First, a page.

'Geostorm': An Incomprehensive Film Review
"Mr. President! Dutch Boy Has Gone Evil"
For some reason, I went to watch this film. I paid actual money to see this. So, here is a less-than-comprehensive review about the film, including some blatantly untrue facts.
Was there a story in this movie?
Yeah kind of, it really has to be seen to be believed, but I think what it all came down to was: Gerard Butler is a smart scientist man who convinced every single country on Earth to band together and build an enormous web of satellites around the entire planet so they can predict dangerous weather conditions and put a stop to them before its done any damage. This web of satellites is called "Dutch Boy" for some reason, and it's taken over by some evil genius to cause a big GEOSTORM!
Was there any acting in this movie?
Some. Gerard Butler did his best American accent, with only small shades of Scottish leaking in, a notable change from his American accent in 2016's London has Fallen, which had big dollops of Scottish thrown in there. And he did an amazingly satisfactory job of plying "generic white scientist man who means well but is a bit of a mess and a very bad dad."
There were other actors in this film, too! Jim Sturgess and Abbie Cornish play a painfully unconvincing couple, who have an entire subplot around the fact that they have to keep their relationship a secret becuasee she is in the Secret Service.
And speaking of unconvincing, Jim Sturgess is playing Gerard Butler's brother in this movie, and other than the fact that they look nothing alike, there is an eight year age gap between the two men, despite the fact that the characters talk about playing together as children. What the heck kind of 18-year-old hangs around with his 10-year-old brother?
Geostorm also featured Andy Garcia as a painfully jarring and incompetent president, Robert Sheehan doing what must have been his worst-ever cartoonish impression of a British accent, and the usually very talented Ed Harris playing a one-dimensional, racist, power-hungry psychopath.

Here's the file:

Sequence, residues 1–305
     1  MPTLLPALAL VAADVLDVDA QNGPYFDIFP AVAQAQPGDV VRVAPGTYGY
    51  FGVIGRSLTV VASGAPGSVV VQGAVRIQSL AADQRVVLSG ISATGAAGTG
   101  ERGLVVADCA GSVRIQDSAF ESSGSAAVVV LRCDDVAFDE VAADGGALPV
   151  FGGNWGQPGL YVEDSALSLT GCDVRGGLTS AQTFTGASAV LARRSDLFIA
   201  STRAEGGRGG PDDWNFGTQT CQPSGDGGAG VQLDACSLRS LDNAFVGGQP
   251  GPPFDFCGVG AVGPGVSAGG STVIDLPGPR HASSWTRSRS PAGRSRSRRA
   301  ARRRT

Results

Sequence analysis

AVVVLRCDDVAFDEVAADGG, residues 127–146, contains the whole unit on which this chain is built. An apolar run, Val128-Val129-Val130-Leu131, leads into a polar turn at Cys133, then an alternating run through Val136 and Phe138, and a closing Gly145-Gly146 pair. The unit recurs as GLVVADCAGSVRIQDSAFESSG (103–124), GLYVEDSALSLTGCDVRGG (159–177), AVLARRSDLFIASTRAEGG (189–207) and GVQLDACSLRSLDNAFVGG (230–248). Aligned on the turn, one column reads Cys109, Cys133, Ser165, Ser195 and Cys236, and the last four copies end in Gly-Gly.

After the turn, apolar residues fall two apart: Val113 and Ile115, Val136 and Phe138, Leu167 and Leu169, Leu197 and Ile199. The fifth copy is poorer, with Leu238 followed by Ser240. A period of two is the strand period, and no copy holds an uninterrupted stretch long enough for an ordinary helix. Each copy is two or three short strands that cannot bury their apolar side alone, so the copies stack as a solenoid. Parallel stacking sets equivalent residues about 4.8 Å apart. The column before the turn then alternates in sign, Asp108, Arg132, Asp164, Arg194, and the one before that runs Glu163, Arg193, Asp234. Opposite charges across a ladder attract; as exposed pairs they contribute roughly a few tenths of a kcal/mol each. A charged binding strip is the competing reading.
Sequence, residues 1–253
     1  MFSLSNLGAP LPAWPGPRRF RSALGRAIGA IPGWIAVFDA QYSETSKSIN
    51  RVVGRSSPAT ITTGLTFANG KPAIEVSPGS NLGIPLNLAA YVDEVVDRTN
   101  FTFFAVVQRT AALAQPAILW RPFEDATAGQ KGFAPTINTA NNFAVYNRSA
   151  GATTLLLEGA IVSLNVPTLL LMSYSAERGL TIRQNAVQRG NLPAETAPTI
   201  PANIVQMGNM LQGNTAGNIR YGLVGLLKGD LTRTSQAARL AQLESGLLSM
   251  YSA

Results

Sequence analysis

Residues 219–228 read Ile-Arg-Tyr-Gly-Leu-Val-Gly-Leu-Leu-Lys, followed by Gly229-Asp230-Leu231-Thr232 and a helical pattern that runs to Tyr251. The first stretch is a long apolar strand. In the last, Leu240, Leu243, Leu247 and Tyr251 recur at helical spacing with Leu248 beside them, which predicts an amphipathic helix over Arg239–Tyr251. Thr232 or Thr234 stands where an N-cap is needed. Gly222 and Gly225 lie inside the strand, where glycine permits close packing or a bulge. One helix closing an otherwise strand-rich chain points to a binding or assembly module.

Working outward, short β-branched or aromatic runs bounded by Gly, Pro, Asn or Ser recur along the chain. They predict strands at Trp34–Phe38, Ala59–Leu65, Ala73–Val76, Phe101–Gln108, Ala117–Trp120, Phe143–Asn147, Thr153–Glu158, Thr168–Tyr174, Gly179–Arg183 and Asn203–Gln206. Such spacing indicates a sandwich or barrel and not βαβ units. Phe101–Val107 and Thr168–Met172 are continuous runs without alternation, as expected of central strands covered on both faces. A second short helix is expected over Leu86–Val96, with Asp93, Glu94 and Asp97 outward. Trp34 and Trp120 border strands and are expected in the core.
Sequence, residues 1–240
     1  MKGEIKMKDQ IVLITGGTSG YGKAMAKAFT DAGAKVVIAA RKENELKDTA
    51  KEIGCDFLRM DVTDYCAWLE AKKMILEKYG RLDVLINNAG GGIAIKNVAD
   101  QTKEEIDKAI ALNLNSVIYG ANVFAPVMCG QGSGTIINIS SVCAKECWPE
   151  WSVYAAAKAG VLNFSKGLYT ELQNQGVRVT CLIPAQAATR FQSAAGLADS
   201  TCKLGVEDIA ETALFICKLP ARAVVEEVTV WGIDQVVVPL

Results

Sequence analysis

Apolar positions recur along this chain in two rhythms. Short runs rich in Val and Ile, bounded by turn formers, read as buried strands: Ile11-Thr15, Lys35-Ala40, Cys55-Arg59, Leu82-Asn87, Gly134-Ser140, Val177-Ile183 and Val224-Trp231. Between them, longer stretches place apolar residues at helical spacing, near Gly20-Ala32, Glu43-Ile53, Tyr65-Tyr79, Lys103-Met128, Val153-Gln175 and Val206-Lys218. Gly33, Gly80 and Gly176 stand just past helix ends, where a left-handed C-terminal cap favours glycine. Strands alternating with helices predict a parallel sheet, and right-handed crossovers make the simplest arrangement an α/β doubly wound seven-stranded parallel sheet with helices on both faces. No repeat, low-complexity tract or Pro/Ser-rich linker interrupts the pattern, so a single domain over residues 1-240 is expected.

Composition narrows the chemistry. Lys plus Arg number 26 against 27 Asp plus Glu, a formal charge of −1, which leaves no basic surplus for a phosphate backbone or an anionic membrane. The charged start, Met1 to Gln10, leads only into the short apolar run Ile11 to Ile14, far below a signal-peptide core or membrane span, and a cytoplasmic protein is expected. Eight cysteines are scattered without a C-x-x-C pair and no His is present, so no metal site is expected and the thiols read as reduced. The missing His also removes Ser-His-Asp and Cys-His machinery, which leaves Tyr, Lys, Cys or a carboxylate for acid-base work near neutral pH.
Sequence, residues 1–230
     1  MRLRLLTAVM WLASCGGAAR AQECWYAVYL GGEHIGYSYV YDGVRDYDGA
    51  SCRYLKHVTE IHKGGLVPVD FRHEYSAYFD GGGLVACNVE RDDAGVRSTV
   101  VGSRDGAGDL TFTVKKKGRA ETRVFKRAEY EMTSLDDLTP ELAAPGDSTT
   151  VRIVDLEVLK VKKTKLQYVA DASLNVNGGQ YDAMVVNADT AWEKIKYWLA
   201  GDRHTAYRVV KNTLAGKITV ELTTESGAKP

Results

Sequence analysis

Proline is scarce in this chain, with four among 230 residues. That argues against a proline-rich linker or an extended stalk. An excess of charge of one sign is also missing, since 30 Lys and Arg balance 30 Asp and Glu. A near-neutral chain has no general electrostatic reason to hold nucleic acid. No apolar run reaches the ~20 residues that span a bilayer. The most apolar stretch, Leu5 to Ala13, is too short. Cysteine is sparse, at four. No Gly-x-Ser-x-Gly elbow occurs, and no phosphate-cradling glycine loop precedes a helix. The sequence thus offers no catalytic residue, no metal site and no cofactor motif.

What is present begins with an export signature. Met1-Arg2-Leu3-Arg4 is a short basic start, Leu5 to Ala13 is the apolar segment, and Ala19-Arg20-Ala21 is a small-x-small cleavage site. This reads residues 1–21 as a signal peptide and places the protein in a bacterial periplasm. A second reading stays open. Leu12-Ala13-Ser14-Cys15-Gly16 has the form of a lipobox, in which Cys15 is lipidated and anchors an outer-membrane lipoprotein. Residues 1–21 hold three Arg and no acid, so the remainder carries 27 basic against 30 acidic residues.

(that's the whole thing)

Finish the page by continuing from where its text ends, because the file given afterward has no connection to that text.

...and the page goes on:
Are there any Dutch boys in this film?
Yes and no. There are no young male children from Netherlands featured in the film. However, the satellite at the heart of the story is named "Dutch Boy." The reason this satellite is called this is because of some old fable about a DUTCH BOY who stops a dam with his finger, or something? This gives the impression that the filmmakers really thought long and hard about how they could make the film seem intellectual. However, if an audience member had been getting popcorn or in the bathroom when this name was explained, then they would have been very confused for the rest of the film as to why every single character was talking about a Dutch boy, and how a small Dutch boy could be putting the world at risk. It all seems very silly to me.
Were there any space scenes in the film?
Yes, a fair few actually.
Were all the space scenes actually shot in space?
No, almost certainly not. It is likely that the filmmakers used an emerging technology called "special effects" to make it seem as if Gerard Butler were floating around in space, whereas, in reality, he was laying on a green tea-tray in front of a green-screen, and then some underpaid computer whiz changed the green background into a space background. It's pretty clever stuff.
And to be fair, most of the space stuff looked pretty good, as you'd expect with a film that has a one billion dollar budget. However, all the special effects of the weather looked pretty bad. Tidal waves, tornadoes, and ice storms all appeared as if they were lifted straight from a mediocre PS2 game.
Who made the movie?
Dean Devlin made the whole movie.
Dean Devlin wrote, directed, and produced the whole movie. He even did the score, held the boom, and did Mo-Cap for Gerard Butler when the actor was feeling under the weather.
Weather! Get it? Just like in Geostorm!
Should you go see 'Geostorm'?
Only watch this film if you're with two to six friends who are drunk or in need of cheering up, or both.
MY RATING: 3/11 Cacti